You’ve decided that you want to play guitar, done your research, and visited about a hundred music stores where you’ve drooled on every solid-body six string within a hundred miles of home. You know that you want an electric guitar, and though you’d really like to own the $2000 custom-shop special you saw on the wall of your favorite music store, you’ve decided that maybe the really nice $200 axe in the same store is a more practical purchase, at least until you hit the big time or the lottery, whichever comes first!
The next question is, since you’re going to need an amplifier to plug it into, what kind should you be looking for? If you’ve been looking while guitar shopping, you’ve probably noticed that there are just as many, if not more, amp choices than guitar choices out there, and everyone you ask for an opinion of the best one will say something different! So where to start? There are a lot of things to consider, but with a little patience, you’ll find just the right compliment to your axe to get you going with a bang- or maybe with a squeal, an oink, a howl, or even a screech, if that’s what you’re looking for!
Like guitars, amps have made a lot of progress in terms of quality and features, even in the last 10-15 years. They range in size from little half-watt headphone amps that fit in your pocket to the walls of cabinets and 200 watt heads seen lining the stages of the loudest of loud heavy metal groups! First, let’s talk about some of the different designs!
Amplifiers are available in basically 3 types, tube or solid state (the third type being a hybrid, or a vacuum tube preamp section coupled to a solid state power amp) and in 2 configurations, combo or stack (called a “piggyback” in the 50’s). A combo amp means that the amplifier and the speaker are in one cabinet, while a stack is a separate amplifier head coupled to one or more speaker cabinets. Tube and solid state refer to the type of components make up the circuits of the amp.
Vacuum tubes are old technology, and have a unique sound because of the way they work. Many players have said that they prefer the sound of a tube amplifier to any other other, however there is a downside- because these amps are built with old technology, they can be quite expensive to maintain and repair should something go wrong with them. For the most part, they are touchy, and if a part needs to be replaced, some of them (such as output transformers) can cost upwards of $800 to replace, due to the fact that parts are harder to find than they once were. They are also HEAVY for their size to carry around (I owned an early 70’s Ampeg Bass amp that weighed more than 60 pounds- not including a speaker!). Still, if this is the sound you’re looking for, there are many options available, and many times, with some patience, you can find great deals on weird, obscure tube amps with a sound like no other at yard sales, pawn shops, or from people who “used to play a long time ago.”
For the first time amp shopper, a solid state amp is probably the way to go. They sound good, and even feature built in effects on most models! They are inexpensive, compact, and much lighter for their size, and are plenty loud even at 10 or 20 watts for private practice or jamming with friends! They are available with speakers from about 6 inches to 12 inches, according to the size of the amp. Prices for smaller amps range from about $20 for a “pocket sized” amp to about $200 for a “name brand” 20 watt model with a 12 inch speaker.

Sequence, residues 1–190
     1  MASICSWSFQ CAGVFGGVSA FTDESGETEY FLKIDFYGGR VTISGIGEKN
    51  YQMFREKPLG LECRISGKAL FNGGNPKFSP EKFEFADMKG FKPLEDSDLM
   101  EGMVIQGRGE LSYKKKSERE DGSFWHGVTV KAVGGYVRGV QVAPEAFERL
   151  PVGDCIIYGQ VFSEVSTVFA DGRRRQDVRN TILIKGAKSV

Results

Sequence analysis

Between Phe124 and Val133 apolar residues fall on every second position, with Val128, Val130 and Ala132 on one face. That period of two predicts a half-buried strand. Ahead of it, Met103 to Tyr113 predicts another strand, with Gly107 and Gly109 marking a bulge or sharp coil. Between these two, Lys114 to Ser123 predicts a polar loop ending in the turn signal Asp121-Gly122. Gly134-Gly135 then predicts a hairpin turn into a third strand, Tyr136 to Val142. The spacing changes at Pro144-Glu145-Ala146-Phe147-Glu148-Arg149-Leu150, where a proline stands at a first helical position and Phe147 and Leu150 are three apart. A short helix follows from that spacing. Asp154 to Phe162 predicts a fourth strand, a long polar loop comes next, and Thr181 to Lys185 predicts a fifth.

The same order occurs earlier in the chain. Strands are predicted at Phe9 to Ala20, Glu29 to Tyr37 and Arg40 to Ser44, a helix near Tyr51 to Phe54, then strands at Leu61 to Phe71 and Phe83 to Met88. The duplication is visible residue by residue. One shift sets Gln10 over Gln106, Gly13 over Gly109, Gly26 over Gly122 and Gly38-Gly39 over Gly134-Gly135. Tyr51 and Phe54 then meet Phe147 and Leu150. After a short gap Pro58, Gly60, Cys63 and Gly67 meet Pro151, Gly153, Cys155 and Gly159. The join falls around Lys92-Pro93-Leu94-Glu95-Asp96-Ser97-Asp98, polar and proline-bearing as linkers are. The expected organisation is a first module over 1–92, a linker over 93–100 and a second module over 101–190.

Where to begin looking? First, think about the size of the amp you’ll need, then think about what kind of music you are interested in playing. While many amps have built in effects like distortion, reverb, or echo (also called delay), if you really like country or jazz, some of these may be features you’ll never use, and to pay extra for these features will be a waste of money. If you’re into hard rock or heavy metal, a good built-in distortion effect will be invaluable, but make sure to try it in the store before purchasing, because if it doesn’t sound good to your ears, it will be useless to you and you’ll want a separate distortion unit. I’ve personally owned amps with built-in effects that I only used once and never touched again because I hated the sound of them.
Your ears should always be the judge and just because a particular model boasts the most features, you should try each one of them and decide for yourself if they will be things you’ll want to use when you’re playing or if they will just be gimmicks. Also take into consideration that if you know you’re going to love playing, it’s better to spend a little more money to get something you won’t outgrow in a few months, and something with the versatility to let you experiment while learning! You’ll probably never duplicate the sound of your favorite album because of the fact that those sounds are processed and layered in the studio, but you should be able to tinker with the settings and find more than one sound you really like! Also, an amp should sound good without any effects at all- if you’re starting with a good sound, putting effects on it will enhance a good sound, but putting effects on a tinny clean sound will give you a tinny effected sound!
There are literally hundreds of choices out there, but if you take this information shopping, you’ll have a good start on the process. The next step is to look at your choices and have fun with it! If you’ve bought your guitar already, bring it with you to the store so you know what it will sound like with the amps you’re looking at! When you find one that sounds good with your guitar to your ears, and better yet, sounds good with other guitars as well, you’ll know you’ve found what your looking for! The only other thing is to take it home and start learning and creating! Have fun!